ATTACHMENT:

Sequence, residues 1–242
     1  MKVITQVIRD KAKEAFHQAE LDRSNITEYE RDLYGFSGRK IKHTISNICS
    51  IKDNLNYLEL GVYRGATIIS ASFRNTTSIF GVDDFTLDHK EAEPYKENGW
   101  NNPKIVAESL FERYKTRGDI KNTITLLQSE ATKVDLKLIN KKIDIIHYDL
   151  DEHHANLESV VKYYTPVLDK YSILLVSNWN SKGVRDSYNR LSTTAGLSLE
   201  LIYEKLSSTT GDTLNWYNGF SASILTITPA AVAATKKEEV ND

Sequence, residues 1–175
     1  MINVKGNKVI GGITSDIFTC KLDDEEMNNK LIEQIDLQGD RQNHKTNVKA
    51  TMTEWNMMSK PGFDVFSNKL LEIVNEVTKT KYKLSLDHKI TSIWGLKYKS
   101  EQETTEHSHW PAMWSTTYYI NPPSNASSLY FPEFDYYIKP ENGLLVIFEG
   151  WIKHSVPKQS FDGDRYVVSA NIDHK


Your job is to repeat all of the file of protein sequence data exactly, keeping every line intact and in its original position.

Sequence, residues 1–242
     1  MKVITQVIRD KAKEAFHQAE LDRSNITEYE RDLYGFSGRK IKHTISNICS
    51  IKDNLNYLEL GVYRGATIIS ASFRNTTSIF GVDDFTLDHK EAEPYKENGW
   101  NNPKIVAESL FERYKTRGDI KNTITLLQSE ATKVDLKLIN KKIDIIHYDL
   151  DEHHANLESV VKYYTPVLDK YSILLVSNWN SKGVRDSYNR LSTTAGLSLE
   201  LIYEKLSSTT GDTLNWYNGF SASILTITPA AVAATKKEEV ND

Sequence, residues 1–175
     1  MINVKGNKVI GGITSDIFTC KLDDEEMNNK LIEQIDLQGD RQNHKTNVKA
    51  TMTEWNMMSK PGFDVFSNKL LEIVNEVTKT KYKLSLDHKI TSIWGLKYKS
   101  EQETTEHSHW PAMWSTTYYI NPPSNASSLY FPEFDYYIKP ENGLLVIFEG
   151  WIKHSVPKQS FDGDRYVVSA NIDHK